"Cells" however finds the band at a sound that is perhaps far more sustainable for a full record. Another indicator that the band has largely left behind the symphonic layering that defined much of their debut, instead "Cells" finds Young Dreams drawing closer to those psych rock grooves that inspired them do a Tame Impala rework. But unlike "Sinner", the musical direction doesn't seem as far of a leap away from their original sound than it ends up being. "Cells" certainly doesn't lack for experimentation but elaborates more on the band's previous ventures in tropicalia and psychedelica. "Cells" is a laid back soak in the sun very in line with Young Dreams' normal sun-kissed musical escapism but is much more than a traipse down Young Dreams sounds past. Much like how the titual "Young Dreams"/"Flight 376" and "Expectations"/"Dream alone, wake together" singles informed the direction of Between Places, those same building blocks serve as a sort of alternate timeline here. One that relies more on the band's immediately presentable skills than in Matias Tellez's incredible production talents. Not that Tellez's production is missing on "Cells" but unlike "Sinner" and even "Of The City", they're reigned in and honed in a bit more. Though Tellez utilizes a number of percussive effects and samples as well as synths, they're treated with a lighter touch than the previous singles. Also Rune Vandaskog's vocals remain largely untouched by effects unlike the persistent autotune that they were run through before.
"Cells" is a picture of a subtler Young Dreams. Where Between Places captured these incredible emotional reflections and paired them with grand arrangements and intricate layers, "Cells" finds a bit of a balance between what the band can accomplish live and what works in the studio. It's the first song (and potentially the only one that'll actually be on the upcoming sophomore record) that you can actually imagine the band playing live even as it dips into it's electronic moments.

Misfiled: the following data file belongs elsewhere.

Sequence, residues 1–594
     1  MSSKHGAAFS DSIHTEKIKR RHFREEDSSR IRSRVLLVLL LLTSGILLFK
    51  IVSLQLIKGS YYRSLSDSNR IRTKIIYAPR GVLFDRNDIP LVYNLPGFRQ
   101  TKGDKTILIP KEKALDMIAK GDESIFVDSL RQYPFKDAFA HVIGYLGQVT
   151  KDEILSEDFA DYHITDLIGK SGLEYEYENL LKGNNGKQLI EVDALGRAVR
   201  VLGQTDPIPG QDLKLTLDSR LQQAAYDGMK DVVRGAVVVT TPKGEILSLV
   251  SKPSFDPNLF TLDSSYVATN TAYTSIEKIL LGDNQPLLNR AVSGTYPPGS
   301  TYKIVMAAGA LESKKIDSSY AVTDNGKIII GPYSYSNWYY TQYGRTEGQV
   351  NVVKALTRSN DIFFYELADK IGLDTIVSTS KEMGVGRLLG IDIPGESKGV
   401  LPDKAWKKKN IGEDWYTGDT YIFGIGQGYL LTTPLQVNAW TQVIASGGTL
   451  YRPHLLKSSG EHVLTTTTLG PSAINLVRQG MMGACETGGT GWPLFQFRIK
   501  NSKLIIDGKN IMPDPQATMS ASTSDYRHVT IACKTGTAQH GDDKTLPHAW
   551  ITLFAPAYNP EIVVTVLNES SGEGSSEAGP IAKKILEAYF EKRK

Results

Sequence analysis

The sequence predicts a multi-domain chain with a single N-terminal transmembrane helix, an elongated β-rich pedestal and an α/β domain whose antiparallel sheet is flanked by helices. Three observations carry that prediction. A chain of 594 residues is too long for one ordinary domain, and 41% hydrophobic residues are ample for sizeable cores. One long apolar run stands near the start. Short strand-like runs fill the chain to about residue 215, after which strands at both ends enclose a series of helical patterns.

"Cells" is an incredibly catchy work of pristinely plotted psych-infused pop and one that highlights just what makes Young Dreams work so well as a unit. They don't need orchestral flourishes to define them; what they have instead is an tight-knit precision and a pursuit of sounds and colors that make their hometown of Bergen sound a little brighter.
Watch the lyric video for "Cells":
Young Dreams' sophomore full length record Waves 2 You is out January 12 via their own Blanca Records. You can pre-order the album now through their new Bandcamp page.
Friday, October 20, 2017
One of my favorite qualities of Brooklyn art pop outfit SOFTSPOT is how they experiment with their sound. While the band arrived with a full realized and unique sound on debut full length record Ensō, instead of resting comfortably on that particular sound they've expanded: going from two members to their current four, adding in the incredible insistent drumming of Bambara's Blaze Bateh and the svelte synths of Jonathan Campolo of Pill, each album since their debut has been a veritable redshift - a musical "yes and..." statement that rather than negating what's occurred before simply seeks to build upon it.
The result of another of the North Carolina retreats where singer/songwriter/bassist Sarah Kinlaw and guitarist Bryan Keller Jr emerged with much of Ensō and MASS, SOFTSPOT emerged from the chrysalis of both touring and the retreat once again with a newer sound - one that positions them at their most accessible. Clearing, the band's third full length album, is rooting firmly in the pop element. Much of what makes SOFTSPOT truly special can be still evidenced on this record: its diverse aural tapestries, unexpected lyrical subjects and narrative choices, and Kinlaw's vocal elasticity.
On Clearing, SOFTSPOT makes the most of the official addition of Campolo and constructs songs of seemingly limitless lushness. Whether it's the intense, of album opener "Maritime Law" or , SOFTSPOT build entire worlds with astonishing swiftness. The songs pull you in instantly with either their expansive, full instrumentation or their confessional-like intimacy. At times dream-like and incredibly visceral at others (often times within the same song), SOFTSPOT illustrates the theme of connection through both a lucid clarity and dreamy, subconscious intuition.
On "Helen" and "Habits", Kinlaw explores the dangerous and pitfalls of pursuing connections that no longer exist as the subjects of these songs surrender to lives to reminiscing and reliving golden memories with lovers that are no longer there. Though both are expressions of grief much like Ensō's "Half a House", Kinlaw explores them in drastically different ways, "Helen" from an outside perspective as she tries to convince the titular Helen to leave her room and rejoin normal life and "Habits" from the perspective of someone wrapped up in their loss who gives up more and more of time to trying to imagine life with the departed.